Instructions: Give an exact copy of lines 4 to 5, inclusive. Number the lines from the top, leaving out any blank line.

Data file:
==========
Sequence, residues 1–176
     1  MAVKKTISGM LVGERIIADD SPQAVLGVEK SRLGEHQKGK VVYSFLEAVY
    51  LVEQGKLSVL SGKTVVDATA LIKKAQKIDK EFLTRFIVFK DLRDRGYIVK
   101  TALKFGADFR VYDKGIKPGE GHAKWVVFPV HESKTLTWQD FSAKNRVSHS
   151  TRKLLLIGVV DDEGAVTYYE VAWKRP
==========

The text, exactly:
   101  TALKFGADFR VYDKGIKPGE GHAKWVVFPV HESKTLTWQD FSAKNRVSHS
   151  TRKLLLIGVV DDEGAVTYYE VAWKRP